SAUDI NEEDS A GENTLE
According to WSJ, members of the Organization of the Petroleum Exporting Countries won't reach a deal to curb output during talks this week, but could agree to cut production when they meet in November, Saudi Arabia's energy minister said Tuesday.
The remarks by Khalid al-Falih appeared to spell the end of any hope that a deal on production, which already looked unlikely, could be reached during informal talks between OPEC and non-OPEC producers at an energy conference in Algeria.
But at the same time, Mr. Falih, who oversees Saudi oil policy and is among the most influential voices in the energy industry, offered hope OPEC could deliver a deal in November that would go beyond the kind of freeze on output growth that has been discussed, saying the cartel could move to reduce production, instead of just agreeing to hold it steady.
"We need a gentle adjustment to reassure the market," Mr. Falih said at a briefing where he was flanked by his Russian counterpart, Alexander Novak.
Skepticism about a deal being reached in Algeria pushed oil prices lower Tuesday. Brent crude settled down $1.38, or nearly 3%, at $45.97 a barrel; the U.S. benchmark oil price closed $1.26 lower at $44.67.
By pointing to the potential for a cut in November, Mr. Falih is helping ensure markets continue to look to OPEC as a key player in re-establishing a balance between global supply and demand after two years of sliding prices that OPEC hasn't intervened to boost.
Major hurdles remain, however, to reaching any deal that would curb output and put a floor under prices, as the progress of talks in Algiers have illustrated this week.
The biggest obstacle continues to be the stalemate between Saudi Arabia and Iran, bitter rivals for power in the Middle East whose disagreements have scuttled previous OPEC attempts at reaching a production deal.
Iran hasn't yet agreed to any deal, Mr. Falih told reporters Tuesday.
Earlier Tuesday afternoon, Iranian Oil Minister Bijan Zanganeh said he hadn't received any official proposal from Saudi Arabia, and his country has no plans to limit its oil production. Iran is trying to ramp its production back up now that Western sanctions that crippled its oil industry have ended.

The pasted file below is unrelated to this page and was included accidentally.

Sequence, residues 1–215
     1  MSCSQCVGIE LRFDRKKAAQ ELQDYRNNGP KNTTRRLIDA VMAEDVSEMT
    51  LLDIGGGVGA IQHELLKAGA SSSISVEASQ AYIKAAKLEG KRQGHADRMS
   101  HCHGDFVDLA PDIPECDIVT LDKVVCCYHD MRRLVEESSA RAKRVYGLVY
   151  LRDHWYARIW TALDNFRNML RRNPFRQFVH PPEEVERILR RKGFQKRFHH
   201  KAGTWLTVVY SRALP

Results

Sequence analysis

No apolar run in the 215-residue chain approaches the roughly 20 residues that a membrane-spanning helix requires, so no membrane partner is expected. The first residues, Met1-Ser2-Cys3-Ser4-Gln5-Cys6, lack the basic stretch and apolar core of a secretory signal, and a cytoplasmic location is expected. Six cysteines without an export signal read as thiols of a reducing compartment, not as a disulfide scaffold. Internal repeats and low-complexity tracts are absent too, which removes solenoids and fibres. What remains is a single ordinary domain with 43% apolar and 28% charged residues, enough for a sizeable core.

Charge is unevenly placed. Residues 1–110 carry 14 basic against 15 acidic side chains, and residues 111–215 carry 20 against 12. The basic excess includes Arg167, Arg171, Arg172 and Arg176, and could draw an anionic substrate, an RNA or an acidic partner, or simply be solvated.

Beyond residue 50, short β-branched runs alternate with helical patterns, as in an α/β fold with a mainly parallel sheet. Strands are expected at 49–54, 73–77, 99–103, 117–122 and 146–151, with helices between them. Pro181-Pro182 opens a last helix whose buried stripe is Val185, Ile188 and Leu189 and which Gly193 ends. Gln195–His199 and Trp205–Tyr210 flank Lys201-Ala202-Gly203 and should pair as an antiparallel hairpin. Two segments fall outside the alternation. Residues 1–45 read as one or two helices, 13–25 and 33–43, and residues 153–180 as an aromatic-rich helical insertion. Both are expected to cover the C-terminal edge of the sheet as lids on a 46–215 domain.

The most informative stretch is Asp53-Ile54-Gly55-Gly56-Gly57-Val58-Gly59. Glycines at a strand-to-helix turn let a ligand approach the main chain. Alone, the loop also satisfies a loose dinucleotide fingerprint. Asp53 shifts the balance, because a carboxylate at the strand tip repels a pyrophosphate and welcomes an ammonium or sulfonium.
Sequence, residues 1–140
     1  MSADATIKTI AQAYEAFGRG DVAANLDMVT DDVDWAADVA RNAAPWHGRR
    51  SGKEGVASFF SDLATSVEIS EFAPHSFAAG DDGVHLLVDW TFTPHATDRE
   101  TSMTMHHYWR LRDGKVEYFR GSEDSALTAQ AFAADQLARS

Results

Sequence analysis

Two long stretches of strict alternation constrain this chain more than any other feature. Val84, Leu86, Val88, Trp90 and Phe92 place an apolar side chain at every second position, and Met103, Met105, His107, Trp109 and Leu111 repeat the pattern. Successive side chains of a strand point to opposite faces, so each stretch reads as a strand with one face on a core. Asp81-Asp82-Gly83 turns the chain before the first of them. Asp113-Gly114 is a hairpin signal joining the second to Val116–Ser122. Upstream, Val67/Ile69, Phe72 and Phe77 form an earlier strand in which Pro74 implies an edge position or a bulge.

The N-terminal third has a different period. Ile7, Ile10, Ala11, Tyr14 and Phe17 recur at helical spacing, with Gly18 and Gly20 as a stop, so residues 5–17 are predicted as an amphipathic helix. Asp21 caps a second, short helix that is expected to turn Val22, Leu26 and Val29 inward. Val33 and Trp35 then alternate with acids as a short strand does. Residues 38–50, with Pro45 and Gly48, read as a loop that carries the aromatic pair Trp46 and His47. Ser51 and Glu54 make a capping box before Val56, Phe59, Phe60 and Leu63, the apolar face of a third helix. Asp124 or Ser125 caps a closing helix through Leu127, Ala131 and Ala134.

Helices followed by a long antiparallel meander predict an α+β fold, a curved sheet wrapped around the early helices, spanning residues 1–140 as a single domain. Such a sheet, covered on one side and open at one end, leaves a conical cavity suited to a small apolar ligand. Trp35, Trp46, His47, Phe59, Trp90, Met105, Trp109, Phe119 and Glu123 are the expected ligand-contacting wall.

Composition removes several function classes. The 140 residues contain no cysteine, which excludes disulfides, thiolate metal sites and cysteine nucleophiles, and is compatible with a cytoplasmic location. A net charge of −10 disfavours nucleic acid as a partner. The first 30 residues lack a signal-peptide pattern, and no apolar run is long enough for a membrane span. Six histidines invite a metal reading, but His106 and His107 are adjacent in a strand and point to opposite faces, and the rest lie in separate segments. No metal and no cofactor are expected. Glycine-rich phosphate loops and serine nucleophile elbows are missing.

Any agreement later in the year would require that position to change and for Saudi Arabia and Iran to find common ground, which many analysts doubt will happen.
"They say they are inching closer to a deal but the Saudi and Iranian positions are still far apart," said Andy Lipow, president of Lipow Oil Associates in Houston. "For Saudi Arabia to cut production, Iran needs to freeze it and that [is] something they won't do. That doesn't bode well for a deal in November."
The Saudi oil minister wouldn't say how much could come out of the market if a deal were to be reached. "It will be called a freeze but will entail a collective cut," he said. It will depend "on what month you freeze," citing February as an example.
A cap using that month as a reference point would mean a reduction of 900,000 barrels a day, according to OPEC data.
Earlier, people involved in the discussions said OPEC members were planning to discuss a proposal on Wednesday that would cut almost 1 million barrels a day of global production over one year. But those people also said that scenario was meant to start discussions that could pave the way for reaching an agreement in November.
Even without intervention, the crude oil market is already rebalancing after its two-year-old slump, Mr. Falih said.
"The worst of the downturn is definitely behind us."
Earlier Tuesday, he said "the market recovery is slower than we thought. But we remain optimistic."
The proposal to reduce output, if eventually adopted, would represent the 14-nation cartel's first concrete action to prop up the market since oil prices crashed beginning in 2014. It would also represent a departure for Saudi Arabia, which has opened the spigots wide during the market slump in a fierce competition for customers with U.S. oil producers and others.
The discussions shift the debate within OPEC back to making production cuts to reduce the global oversupply weighing on prices and come after six months of the cartel considering a so-called output freeze—holding it steady following months of increases.
The proposal puts center stage on the differences between Saudi Arabia and Iran.
Under the proposal, Saudi Arabia would carry out the bulk of the reduction, cutting 400,000 barrels a day from record highs of almost 10.6 million barrels a day in August, the people said. The kingdom is expected to reduce its production anyway as a matter of course as oil demand falls off the summer highs.
In return, Iran would have to agree to freeze at 3.7 million barrels a day—slightly above its August levels, the people said. Non-OPEC members such as Russia and Oman would also be expected to be part of the cuts, the people said.
Iran's reaction to the Saudi-backed plan isn't yet clear, but the proposal wouldn't allow Iran to carry out plans to increase its production to over 4 million barrels a day.
"In the room where the Saudis and Iranians meet, there will always be burning-hot political tensions," said one of the people familiar with the production proposal.
OPEC members appear deeply divided. In talks last week in Vienna, Saudi and Iranian officials couldn't agree on basic details of a production deal. Similar efforts were scuttled in April after Saudi backed out because Iran wouldn't participate.
Production cuts are politically unpalatable with some OPEC members because they can lead to less oil revenue. The people familiar with the proposal said it could be framed to OPEC members as a freeze, using January 2016, for example, as the reference point instead of August, when the cartel's production was unusually high.
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